Charitable consumerism is a complicated thing, and I did lay out a lot of my thoughts in last year’s post. This year, as I’m preparing to review the new Morphe Pride collection, I want to add something in the spirit of #PullUpOrShutUp. One of the complaints about Pride collections is that brands that don’t feature or promote queer people the rest of the year suddenly get the taste for that sweet, sweet queer money. Although family dynamics for queer people are always changing just like they are for anyone else, marketers figured out that a significant number of queer couples were the coveted demographic of DINKs: Double Income, No Kids. That made them a prime targeted for slickly marketed merch capitalizing on their identities, and there are a lot of companies that do just that.
But as complicated and “problematic” as Morphe is as a brand (though I think they get flack for a lot of things that are actually consumers not taking accountability for their own choices – but that’s a subject for it’s own post!), I don’t think they can be accused of being guilty of that. The four biggest influencers that they work with regularly, all year long, are Jeffree Star, Jaclyn Hill, James Charles, and Manny MUA. Now, that’s a group that inspires all kinds of feelings among all different kinds of people (and for a lot of good reasons), but you have to at least acknowledge that 3 of their 4 most prominent influencers are openly queer people, one of them a queer POC. It’s not diverse enough, not by a long shot especially in terms of racial and ethnic representation, but it’s also not fair to say that they don’t include representations of queer people all year long. Add a donation to GLSEN, a queer charitable organization that has a pretty good reputation in terms of diversity and inclusion, and I feel comfortable getting my rainbow fix from their annual Pride collection.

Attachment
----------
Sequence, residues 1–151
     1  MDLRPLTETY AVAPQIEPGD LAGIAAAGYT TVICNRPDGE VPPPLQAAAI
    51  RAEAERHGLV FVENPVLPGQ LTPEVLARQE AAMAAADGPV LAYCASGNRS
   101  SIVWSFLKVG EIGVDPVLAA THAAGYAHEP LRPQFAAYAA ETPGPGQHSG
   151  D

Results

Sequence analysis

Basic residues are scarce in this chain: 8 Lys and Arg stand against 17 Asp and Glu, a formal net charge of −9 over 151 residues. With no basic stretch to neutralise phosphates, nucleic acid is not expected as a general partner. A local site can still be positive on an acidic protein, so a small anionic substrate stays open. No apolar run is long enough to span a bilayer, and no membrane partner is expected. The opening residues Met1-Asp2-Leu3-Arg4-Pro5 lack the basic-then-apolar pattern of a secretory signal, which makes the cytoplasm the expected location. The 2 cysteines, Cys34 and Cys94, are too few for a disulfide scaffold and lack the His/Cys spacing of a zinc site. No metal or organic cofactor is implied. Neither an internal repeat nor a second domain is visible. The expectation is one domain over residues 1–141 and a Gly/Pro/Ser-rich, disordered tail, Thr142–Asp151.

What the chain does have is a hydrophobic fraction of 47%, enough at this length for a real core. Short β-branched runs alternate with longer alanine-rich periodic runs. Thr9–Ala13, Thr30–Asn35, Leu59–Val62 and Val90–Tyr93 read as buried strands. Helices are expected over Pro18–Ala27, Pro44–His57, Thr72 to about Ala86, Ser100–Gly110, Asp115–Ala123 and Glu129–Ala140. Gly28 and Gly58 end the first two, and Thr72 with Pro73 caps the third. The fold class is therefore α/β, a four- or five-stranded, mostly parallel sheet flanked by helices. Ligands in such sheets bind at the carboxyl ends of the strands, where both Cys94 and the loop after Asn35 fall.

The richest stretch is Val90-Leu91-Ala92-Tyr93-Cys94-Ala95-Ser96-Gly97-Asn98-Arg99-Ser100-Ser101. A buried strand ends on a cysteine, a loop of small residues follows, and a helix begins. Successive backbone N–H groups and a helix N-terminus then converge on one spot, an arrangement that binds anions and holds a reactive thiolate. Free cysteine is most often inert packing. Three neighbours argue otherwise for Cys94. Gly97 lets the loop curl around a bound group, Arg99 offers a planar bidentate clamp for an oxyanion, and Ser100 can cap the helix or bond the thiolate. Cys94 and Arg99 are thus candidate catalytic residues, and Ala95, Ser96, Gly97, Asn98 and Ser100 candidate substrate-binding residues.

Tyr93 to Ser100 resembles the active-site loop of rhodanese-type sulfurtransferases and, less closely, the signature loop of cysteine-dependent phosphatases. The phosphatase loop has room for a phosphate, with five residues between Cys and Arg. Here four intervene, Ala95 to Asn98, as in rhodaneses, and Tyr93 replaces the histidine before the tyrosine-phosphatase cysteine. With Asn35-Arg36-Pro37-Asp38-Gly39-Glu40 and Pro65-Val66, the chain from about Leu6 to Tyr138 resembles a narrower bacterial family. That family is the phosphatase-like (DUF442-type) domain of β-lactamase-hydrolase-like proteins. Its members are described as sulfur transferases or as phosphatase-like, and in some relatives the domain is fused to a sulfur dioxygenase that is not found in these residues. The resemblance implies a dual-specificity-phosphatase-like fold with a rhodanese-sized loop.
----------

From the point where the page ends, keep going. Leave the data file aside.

And I also made a donation to the Trevor Project at the same time, so can I just have some fun and play with some goddamn makeup now?
I know, I know. All of the flavors available out there, and I had to choose salty.
This year’s collection includes the 10G GLSEN Up palette, A Better Whirled brush set, Speak Up gloss, and Set To Inspire setting spray (which I think is just their original setting spray with a limited edition scent, like the peach mist from the Saweetie collection).
The 10G GLSEN Up palette is a bright palette that I wasn’t really sure about at first, primarily because half the palette – HALF! – is pressed glitters, and I am generally not a fan. But I loved the bright colored “topper” shades and I do love glitter in a more general sense, so I decided to give it a shot.